Marni A. Sandweiss will speak in the Mr. and Mrs. Raymond J. Horowitz Seminar on New York and American Material Culture on Tuesday, September 29, 2015. Her talk is entitled “Thinking with a Photograph: Alexander Gardner at Ft. Laramie, 1868.”

Marni A. Sandweiss is a historian of the United States, with particular interests in the history of the American West, visual culture, and public history. A Professor of History at Princeton University, Dr. Sandweiss teaches courses on the history of the American West and on narrative writing, and currently heads a research project on Princeton and Slavery. She serves as faculty advisor to graduate student groups working in the fields of public history and Native American Studies.

Dr. Sandweiss received her Ph.D. in History from Yale University and began her career as a photography curator at the Amon Carter Museum in Ft. Worth, TX. She later taught American Studies and History at Amherst College for twenty years before joining the Princeton faculty in 2009. She is the author or editor of numerous books on American history and photography. Her publications include Passing Strange: A Gilded Age Tale of Love and Deception across the Color Line (2009), a finalist for the Los Angeles Times Book Prize in History and the National Book Critics Circle Award in Biography, and Print the Legend: Photography and the American West (2002), winner of the Organization of American Historians’ Ray Allen Billington Award for the best book in American frontier history and the William P. Clements Award. Her other works include Laura Gilpin: An Enduring Grace (1986), winner of the George Wittenborn Award for outstanding art book, and the co-edited volume The Oxford History of the American West (1994), winner of the Western Heritage Award and the Caughey Western History Association prize for the outstanding book in western history. The recipient of grants from the National Endowment for the Humanities, the American Council of Learned Societies, and the Rockefeller Foundation, she consults widely on matters related to history education and the use of visual images for historical research and writing.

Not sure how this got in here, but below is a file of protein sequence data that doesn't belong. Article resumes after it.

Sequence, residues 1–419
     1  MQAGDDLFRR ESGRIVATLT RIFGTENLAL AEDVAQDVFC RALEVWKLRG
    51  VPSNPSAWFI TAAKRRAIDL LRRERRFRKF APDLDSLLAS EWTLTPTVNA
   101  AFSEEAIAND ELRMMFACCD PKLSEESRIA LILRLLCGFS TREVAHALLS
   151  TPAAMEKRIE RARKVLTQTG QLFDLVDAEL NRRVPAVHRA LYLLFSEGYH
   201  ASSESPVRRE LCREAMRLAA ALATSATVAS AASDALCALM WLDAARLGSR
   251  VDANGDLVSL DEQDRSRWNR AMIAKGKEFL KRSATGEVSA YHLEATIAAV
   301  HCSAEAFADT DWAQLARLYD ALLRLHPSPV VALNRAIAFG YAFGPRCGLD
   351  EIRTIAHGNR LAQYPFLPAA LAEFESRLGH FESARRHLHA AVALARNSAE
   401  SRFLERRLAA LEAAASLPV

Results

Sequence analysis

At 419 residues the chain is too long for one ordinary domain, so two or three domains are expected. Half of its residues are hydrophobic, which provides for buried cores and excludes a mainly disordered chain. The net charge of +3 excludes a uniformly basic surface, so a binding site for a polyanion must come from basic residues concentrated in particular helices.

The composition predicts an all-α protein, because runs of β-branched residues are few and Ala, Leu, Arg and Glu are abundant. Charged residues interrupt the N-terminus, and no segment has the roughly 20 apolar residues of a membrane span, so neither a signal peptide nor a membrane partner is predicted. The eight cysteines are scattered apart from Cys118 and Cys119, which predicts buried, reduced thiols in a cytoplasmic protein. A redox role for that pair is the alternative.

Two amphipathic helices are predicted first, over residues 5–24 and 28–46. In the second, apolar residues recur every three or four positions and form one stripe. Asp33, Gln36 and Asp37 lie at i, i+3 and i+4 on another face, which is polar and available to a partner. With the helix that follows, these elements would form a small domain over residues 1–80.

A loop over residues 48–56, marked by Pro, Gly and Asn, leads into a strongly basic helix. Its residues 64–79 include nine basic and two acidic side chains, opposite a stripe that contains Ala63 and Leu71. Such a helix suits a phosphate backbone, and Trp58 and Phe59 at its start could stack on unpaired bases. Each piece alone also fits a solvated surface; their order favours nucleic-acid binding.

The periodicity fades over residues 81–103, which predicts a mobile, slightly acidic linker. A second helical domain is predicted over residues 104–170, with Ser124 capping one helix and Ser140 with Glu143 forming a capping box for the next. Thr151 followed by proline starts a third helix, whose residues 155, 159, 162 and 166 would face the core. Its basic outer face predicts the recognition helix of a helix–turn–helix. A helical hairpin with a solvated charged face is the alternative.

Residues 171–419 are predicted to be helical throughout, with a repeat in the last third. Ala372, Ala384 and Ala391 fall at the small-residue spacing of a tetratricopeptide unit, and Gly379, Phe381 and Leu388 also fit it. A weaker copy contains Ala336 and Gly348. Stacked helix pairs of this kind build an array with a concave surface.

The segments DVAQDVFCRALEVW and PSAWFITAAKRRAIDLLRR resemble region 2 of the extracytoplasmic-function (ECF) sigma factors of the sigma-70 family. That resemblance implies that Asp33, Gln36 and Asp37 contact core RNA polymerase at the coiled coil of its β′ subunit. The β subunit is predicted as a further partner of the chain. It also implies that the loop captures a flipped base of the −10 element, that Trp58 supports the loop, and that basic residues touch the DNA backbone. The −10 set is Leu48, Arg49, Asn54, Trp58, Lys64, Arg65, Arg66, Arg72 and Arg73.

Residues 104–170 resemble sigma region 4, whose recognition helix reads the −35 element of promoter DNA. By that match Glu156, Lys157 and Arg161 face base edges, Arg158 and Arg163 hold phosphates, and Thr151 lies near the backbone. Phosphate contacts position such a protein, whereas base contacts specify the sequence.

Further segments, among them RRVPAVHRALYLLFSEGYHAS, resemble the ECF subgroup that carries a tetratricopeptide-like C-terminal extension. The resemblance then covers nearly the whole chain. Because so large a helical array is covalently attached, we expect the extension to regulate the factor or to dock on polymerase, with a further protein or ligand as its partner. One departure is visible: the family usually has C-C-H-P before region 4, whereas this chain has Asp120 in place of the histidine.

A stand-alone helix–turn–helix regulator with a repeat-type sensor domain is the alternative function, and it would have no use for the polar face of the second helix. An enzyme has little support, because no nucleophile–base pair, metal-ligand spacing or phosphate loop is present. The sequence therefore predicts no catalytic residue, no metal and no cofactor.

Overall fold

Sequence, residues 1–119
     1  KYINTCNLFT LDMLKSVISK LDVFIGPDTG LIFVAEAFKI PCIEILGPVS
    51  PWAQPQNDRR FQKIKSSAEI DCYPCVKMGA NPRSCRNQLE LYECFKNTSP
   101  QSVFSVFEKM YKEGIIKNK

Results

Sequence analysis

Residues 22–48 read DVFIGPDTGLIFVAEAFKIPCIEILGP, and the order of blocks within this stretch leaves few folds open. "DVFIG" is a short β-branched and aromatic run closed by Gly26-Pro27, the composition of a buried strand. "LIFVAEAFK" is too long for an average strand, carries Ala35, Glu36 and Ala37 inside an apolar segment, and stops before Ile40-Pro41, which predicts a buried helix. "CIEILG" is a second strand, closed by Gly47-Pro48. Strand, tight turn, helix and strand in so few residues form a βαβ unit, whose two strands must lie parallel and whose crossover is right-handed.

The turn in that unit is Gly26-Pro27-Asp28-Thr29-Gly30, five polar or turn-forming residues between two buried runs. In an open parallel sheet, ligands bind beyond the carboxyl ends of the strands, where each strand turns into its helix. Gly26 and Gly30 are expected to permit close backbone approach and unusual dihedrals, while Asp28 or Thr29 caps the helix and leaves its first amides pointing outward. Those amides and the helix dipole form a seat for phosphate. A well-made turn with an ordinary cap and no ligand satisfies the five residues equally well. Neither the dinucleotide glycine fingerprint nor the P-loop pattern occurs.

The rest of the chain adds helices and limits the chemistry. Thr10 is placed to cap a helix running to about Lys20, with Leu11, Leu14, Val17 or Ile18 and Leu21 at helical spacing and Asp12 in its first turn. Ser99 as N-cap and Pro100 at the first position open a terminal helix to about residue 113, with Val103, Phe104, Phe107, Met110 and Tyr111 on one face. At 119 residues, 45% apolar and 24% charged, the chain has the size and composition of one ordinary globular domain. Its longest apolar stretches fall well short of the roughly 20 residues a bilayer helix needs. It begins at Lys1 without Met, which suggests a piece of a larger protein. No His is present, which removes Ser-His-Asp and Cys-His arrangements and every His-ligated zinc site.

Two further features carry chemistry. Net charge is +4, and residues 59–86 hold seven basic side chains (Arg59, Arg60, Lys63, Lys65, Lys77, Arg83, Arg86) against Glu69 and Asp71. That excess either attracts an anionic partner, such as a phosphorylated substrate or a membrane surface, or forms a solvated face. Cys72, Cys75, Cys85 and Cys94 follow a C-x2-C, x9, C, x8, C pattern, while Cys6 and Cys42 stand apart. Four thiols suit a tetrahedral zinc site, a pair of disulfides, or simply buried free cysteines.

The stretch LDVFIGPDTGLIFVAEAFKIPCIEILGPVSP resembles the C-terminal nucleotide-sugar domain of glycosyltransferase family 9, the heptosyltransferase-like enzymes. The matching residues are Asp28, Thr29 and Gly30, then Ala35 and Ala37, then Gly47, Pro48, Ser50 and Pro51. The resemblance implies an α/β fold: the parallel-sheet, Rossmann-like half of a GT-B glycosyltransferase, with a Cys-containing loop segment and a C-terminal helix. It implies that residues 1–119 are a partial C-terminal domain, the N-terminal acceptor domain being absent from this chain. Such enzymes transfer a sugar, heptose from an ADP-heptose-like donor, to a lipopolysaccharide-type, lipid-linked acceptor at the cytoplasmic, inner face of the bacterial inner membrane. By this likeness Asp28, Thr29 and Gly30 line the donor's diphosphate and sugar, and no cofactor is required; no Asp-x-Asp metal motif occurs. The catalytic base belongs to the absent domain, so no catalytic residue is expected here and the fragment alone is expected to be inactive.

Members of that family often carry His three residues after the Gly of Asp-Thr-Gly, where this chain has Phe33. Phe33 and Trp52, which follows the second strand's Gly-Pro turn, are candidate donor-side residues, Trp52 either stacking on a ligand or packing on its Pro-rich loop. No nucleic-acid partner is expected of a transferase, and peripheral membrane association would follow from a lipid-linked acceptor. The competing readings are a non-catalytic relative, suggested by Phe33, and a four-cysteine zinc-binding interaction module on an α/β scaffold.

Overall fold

Focusing on a single photograph made at the Peace Treaty negotiations held at Fort Laramie in 1868, this talk explores the ways in which a still image can — and cannot — convey the richness of a dynamic past. While a photograph may convey a “decisive moment,” more often it does not. How then can we use a photograph as a primary source document to understand the world from which it emerged? Alexander Gardner’s photograph of six federal Peace Commissioners and a Lakota child offers a way into more than a century of American violence, arguments about race, and discussions about who could and could not be a citizen of the United States.

RSVP is required.